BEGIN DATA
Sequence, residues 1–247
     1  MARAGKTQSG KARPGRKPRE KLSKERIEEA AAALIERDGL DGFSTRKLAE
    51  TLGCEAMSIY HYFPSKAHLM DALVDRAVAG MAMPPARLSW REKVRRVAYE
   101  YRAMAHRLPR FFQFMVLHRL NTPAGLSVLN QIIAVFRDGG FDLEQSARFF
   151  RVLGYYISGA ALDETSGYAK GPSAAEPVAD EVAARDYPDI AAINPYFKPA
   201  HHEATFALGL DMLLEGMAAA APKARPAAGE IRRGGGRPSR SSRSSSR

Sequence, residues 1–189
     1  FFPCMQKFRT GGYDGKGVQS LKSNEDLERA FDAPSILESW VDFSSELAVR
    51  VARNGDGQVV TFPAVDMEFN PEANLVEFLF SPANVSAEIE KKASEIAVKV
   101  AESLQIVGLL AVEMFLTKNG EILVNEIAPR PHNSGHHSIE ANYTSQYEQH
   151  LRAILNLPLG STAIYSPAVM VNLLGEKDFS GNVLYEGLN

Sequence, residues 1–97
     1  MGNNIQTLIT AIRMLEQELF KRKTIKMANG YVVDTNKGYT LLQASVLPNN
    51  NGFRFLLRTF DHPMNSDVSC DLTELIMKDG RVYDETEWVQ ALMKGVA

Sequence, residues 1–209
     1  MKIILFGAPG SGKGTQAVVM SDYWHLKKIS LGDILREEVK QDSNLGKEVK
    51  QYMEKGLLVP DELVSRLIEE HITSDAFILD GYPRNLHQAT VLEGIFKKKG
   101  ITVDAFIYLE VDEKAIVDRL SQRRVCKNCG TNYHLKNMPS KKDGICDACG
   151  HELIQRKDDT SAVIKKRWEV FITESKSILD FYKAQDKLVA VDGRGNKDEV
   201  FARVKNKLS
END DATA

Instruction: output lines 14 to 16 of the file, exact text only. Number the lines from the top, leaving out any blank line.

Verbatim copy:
    51  NGFRFLLRTF DHPMNSDVSC DLTELIMKDG RVYDETEWVQ ALMKGVA

Sequence, residues 1–209
     1  MKIILFGAPG SGKGTQAVVM SDYWHLKKIS LGDILREEVK QDSNLGKEVK